The trial underway to determine whether Harvard University's admissions policies unfairly discriminate against Asian American students is expected to reveal how the elite institution and others like it select their incoming classes, according to The Washington Post. Factors such as test scores, race and ethnicity, and legacy admissions are of particular interest.
Harvard, known for its low acceptance rate, claims its student body has become more diverse in recent years. Out of the 2,000 students admitted for the 2018-19 academic year, 17% are first-generation college students and 20% qualify for federal Pell grants. Data show admission rates for fall 2015 were 8.2% for African American applicants, 6.8% for whites, 6.4% for Hispanics and 5.7% for Asian Americans.
However, court documents found ties to the university still matter, with 34% of legacy applicants admitted from 2009 to 2015 compared to 6% of non-legacy applicants. Children of donors were admitted at a rate of 42%.
The Harvard case has the potential to reach the Supreme Court, which has only narrowly preserved the affirmative action policies in question over the past four decades. Most colleges don't consider race in admissions. Those who do tend to be elite and highly selective.
Those same institutions traditionally have been closed-mouthed about their admissions policies and procedures. With the future of affirmative action uncertain, legal scholars say those colleges should begin to consider race-neutral approaches even though they say it's the most straightforward and cost-effective approach to achieving diversity on campus.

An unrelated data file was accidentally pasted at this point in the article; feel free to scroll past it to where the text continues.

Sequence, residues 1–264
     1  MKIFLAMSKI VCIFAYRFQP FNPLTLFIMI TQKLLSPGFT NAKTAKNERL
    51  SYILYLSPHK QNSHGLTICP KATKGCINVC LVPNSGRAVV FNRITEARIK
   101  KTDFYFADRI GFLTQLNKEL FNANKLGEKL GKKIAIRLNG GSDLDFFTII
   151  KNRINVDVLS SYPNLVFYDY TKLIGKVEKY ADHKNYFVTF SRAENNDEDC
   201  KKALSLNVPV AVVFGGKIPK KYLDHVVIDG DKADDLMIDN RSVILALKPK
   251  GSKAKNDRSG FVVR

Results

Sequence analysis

Institutions working on initiatives to expand diversity on campus have had mixed levels of success in achieving it.
For example, New York's Cornell University has implemented diversity dashboards to measure the effectiveness of diversity efforts. The framework measures four core principles: the racial composition of students, faculty, and academic and non-academic staff; student engagement with campus resources based on factors such as race, sexual orientation, gender, social class and political orientation; measurements of how much students feel included on campus; and the enrollment tendencies and graduation rates of students by race and ethnicity.
Samuel Museus, a professor of education studies at the University of California, San Diego, told Education Dive that efforts to improve diversity on campus can take time and require constant attention. "The problem is that these other values, such as acquiring more resources and prestige, often take priority over inclusion or equity efforts," he said, "which become a secondary superficial priority at best and forgotten by many members of the institution at worst."